23 April 2022 ~ 1 Comentario

Who is Winning the War in Ukraine?

By Carlos Alberto Montaner

The quick answer is Ukraine, as Faared Zacaria and Thomas Friedman cleverly said, each on their own. But it’s winning at the cost of the demolition of a few cities, which makes reconciliation between the two countries impossible until several generations have passed.

There are at least five reasons to suppose that Ukraine is “winning.”

First, the Russian narrative has failed miserably. Alleging that it was a matter of de-nazifying the “small” neighboring country comes up against the fact that Volodymyr Zelensky, elected president of Ukraine by an overwhelming majority, is Jewish. One of his grandparents was burned alive with his village by the SS during World War II.

There is, indeed, a military unit in Donbas that sympathizes with ultranationalism, and that unit has symbols that resemble those displayed by the Nazis, but this fact does not deny the hundreds of units of the army forged to defend democracy. As an old journalist claimed, the French Resistance during World War II included people of all ideological stripes. There would be time to resolve these differences through democratic procedures. The first thing was to defeat the Nazis. Today, the first thing is to defeat the Russians.

Second, the Russian people doesn’t know what exactly the invading army is defending. Until now, given Vladimir Putin’s dictatorial control of the media, “denazification” has worked, but that argument is beginning to crack with the reaction of the Russian troops themselves. They were going to achieve glory, but instead they have been met with the harsh and lofty patriotism of people who love freedom.

 Third, poorly fed and poorly equipped Russian recruits notice helicopters and tanks (especially those designated with the letter T) and SIL transports stall, sometimes from lack of fuel or because of the spring mud. They are targeted by projectiles fired from the shoulder by “javelins” and NLAWs supplied by the Americans, British, and Israelis, as well as kamikaze drones that spot a tank or a transport from miles away, and rush at it. They usually carry two explosive warheads; one destroys the turret, the other penetrates the armor and kills the crew. A few days ago, when I examined the sinister accounting, they had 460 tanks and more than 2,000 transports damaged by the Ukrainian shots. Surely today there are many more.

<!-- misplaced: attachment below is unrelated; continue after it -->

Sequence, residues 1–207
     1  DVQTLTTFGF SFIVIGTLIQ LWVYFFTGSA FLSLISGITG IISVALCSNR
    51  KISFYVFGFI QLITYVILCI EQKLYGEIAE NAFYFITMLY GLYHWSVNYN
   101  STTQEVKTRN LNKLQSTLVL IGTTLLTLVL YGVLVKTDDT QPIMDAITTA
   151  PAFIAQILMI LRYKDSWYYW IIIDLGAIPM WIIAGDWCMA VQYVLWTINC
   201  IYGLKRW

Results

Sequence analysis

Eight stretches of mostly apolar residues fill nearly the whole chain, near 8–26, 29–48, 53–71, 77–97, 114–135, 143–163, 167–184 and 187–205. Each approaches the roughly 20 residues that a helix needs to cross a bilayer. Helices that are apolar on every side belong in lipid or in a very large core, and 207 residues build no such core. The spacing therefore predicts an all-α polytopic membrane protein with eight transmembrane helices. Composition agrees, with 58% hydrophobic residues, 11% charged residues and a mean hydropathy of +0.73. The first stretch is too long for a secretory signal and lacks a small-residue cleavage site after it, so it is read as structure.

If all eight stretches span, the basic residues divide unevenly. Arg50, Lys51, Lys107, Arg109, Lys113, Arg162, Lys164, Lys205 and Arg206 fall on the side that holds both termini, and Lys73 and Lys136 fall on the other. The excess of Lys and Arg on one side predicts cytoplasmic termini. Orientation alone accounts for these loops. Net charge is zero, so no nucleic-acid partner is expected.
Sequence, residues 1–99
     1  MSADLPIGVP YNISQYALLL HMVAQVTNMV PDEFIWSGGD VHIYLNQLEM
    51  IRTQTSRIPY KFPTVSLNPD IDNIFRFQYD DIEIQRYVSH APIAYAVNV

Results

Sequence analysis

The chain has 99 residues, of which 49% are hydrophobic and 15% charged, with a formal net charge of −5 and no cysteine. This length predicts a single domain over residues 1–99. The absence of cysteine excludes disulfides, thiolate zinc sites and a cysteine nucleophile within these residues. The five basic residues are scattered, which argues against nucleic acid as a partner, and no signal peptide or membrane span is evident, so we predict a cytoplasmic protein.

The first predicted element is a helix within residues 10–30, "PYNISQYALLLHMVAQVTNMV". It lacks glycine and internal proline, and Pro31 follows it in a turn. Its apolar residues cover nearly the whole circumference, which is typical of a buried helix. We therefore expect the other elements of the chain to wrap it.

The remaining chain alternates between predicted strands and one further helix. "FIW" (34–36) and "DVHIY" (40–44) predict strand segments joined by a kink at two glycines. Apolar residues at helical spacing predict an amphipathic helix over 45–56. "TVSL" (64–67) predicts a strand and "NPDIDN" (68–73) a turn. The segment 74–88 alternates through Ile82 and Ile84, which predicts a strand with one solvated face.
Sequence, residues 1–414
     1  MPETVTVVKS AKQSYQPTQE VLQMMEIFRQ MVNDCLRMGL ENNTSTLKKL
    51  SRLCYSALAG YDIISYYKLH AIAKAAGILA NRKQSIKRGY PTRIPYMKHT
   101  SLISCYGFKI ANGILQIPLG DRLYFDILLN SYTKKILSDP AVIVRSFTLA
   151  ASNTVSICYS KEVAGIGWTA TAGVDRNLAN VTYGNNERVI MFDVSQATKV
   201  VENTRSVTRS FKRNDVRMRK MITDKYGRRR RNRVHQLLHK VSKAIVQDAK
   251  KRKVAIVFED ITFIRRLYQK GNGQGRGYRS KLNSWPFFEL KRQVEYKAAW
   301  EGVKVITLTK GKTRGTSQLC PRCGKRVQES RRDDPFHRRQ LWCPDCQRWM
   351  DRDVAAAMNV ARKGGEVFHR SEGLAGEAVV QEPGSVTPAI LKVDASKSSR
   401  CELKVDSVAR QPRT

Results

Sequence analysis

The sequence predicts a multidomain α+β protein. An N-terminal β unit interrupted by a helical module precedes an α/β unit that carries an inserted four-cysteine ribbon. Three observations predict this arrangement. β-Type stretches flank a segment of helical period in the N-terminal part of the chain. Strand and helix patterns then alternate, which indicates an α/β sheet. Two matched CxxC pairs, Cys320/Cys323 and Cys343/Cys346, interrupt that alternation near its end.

Fourth. There is a general, former head of intelligence, arrested for lying to Vladimir Putin himself. His name is Sergey Beseda, and he went from house arrest to Lefortovo prison, built at the end of the 19th century by the tsars. The NKVD and KGB tortured and killed many detainees in that prison. Logically, Beseda is accused of having kept money from the intelligence sector, something that can never be known with certainty. In short, they are direct consequences of the war unleashed by Russia against Ukraine, in which Ukraine has an undefeatable morale of victory, similar to the one exhibited by the Soviets during the Nazi siege of Stalingrad, a city thoroughly flattened by the Germans. While Russia fights for no one knows what, the Ukrainians fight for patriotism and are ready to die for their cause.

(I remember a friend, an officer in the US Army, telling me that he had realized the futility of fighting the Vietcong after the so-called Tet offensive of 1968: the Vietcong soldiers fought with two ropes tied to their feet, so it was easy to hide the corpses. “When the enemy takes death for granted, there’s nothing to do,” he said. He was right).

 Fifth. NATO, supposedly badly wounded during Donald Trump’s presidency, has rebuilt itself under the Joe Biden’s government. It was not a “genius” to invade Ukraine, as Trump said (he later rectified), but a true “genocide,” as Biden called it and, as serious as that, a total foolishness.

On the other hand, the entry of Sweden and Finland into the defensive pact is still pending. That means that Europe, Canada and the US consider Putin’s orders to threaten the two nations with nuclear retaliation a bluff. It is one thing to subjugate the Chechens and the Abkhazians, and quite another to retaliate against a free European country that intends to join NATO.

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